The City of Arts and Sciences presents the planetarium show 'The heavens in your hands', aimed at blind people and those with serious visual handicaps

Oct 25, 2009

The City of Arts and Sciences presents the planetarium show 'The heavens in your hands', aimed at blind people and those with serious visual handicaps "The heavens in your hands" (“El cielo en tus manos”) is a unique, informative experience about astronomy for all the general public. Coinciding with the celebration of the International Year of Astronomy, for the first time blind people and those with serious visual handicaps have the chance to take a great leap to the world of stars, constellations, and nebulae through hearing and touch, thanks to an audiovisual projection system with specific adaptations.

Next Thursday 29th October in the Hemisfèric’s projections hall, the blind people who participate in this activity will be able to locate some of the main objects in the sky using only their hands, thanks to fibreglass hemispheres that indicate them in relief and which have been created by Universitat de València’s Astronomical Observatory. For about thirty minutes, a hundred blind people and people with serious visual handicaps along with those who accompany them will be the first to experience this new idea.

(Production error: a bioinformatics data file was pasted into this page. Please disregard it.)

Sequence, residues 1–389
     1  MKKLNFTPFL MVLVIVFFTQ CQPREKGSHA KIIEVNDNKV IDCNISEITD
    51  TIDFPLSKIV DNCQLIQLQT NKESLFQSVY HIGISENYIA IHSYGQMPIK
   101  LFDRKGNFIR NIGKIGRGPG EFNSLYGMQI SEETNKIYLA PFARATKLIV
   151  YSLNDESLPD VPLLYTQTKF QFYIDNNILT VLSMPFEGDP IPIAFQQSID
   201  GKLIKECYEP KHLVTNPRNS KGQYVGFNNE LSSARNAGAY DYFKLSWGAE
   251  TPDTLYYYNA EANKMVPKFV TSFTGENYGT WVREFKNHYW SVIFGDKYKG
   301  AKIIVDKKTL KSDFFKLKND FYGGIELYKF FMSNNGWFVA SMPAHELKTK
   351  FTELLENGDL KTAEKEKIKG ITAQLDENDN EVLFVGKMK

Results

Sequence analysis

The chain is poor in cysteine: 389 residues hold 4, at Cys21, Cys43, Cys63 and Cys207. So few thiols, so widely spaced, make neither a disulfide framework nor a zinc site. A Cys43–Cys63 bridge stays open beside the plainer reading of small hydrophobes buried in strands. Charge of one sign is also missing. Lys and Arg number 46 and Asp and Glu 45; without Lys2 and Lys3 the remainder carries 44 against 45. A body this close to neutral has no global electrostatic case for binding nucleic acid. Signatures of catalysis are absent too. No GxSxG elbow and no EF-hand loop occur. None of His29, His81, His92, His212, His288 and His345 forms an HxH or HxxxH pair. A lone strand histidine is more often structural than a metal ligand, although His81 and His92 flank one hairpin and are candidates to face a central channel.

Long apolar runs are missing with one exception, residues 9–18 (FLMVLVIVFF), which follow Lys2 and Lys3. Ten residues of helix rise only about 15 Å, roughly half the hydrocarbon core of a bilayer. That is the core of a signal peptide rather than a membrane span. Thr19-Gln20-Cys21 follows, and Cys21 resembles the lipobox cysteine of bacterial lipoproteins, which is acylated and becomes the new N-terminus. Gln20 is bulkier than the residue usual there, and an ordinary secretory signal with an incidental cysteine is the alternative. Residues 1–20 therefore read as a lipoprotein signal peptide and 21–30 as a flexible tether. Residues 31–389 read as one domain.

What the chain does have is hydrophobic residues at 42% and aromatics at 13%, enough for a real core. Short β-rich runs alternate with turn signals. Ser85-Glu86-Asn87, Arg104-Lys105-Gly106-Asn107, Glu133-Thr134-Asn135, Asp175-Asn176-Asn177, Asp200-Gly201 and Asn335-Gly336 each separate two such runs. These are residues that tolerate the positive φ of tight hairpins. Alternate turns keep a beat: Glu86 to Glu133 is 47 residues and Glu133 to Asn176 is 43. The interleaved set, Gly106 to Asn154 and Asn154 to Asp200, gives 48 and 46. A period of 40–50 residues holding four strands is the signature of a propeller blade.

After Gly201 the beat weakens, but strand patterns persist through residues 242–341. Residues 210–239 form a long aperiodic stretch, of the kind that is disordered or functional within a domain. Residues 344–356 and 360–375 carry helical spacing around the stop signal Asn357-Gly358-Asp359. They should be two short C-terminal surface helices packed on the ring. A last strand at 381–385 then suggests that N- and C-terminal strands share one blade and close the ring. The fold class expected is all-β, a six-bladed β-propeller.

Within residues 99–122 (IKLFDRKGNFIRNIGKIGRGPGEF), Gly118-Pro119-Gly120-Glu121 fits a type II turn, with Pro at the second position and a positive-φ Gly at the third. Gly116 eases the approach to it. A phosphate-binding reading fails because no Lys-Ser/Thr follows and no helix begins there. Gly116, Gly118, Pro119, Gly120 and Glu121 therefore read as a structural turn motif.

The show’s original soundtrack is multi-directional and is full of special effects to heighten the audience’s sense of direction. In this way, the position of each object in relief on the hemispheres coincides with the direction where the soundtrack is coming from.

The City of Arts and Sciences’ Hemisfèric, thanks to its digital planetarium projector and its multi-channel sound system, fits in perfectly with the needs of “The sky in your hands” to such an extent that it has created an adaptation to the show in video immersion format for this activity to be shown later in other planetariums.

“The sky in your hands” is an initiative which, as well as being able to count on the collaboration of the City of Arts and Sciences and the participation of ONCE, has been promoted by the Spanish coordinator for the International Year of Astronomy, Universitat de València’s Astronomical Observatory, and financed by the Spanish Science and Technology Foundation (FECYT).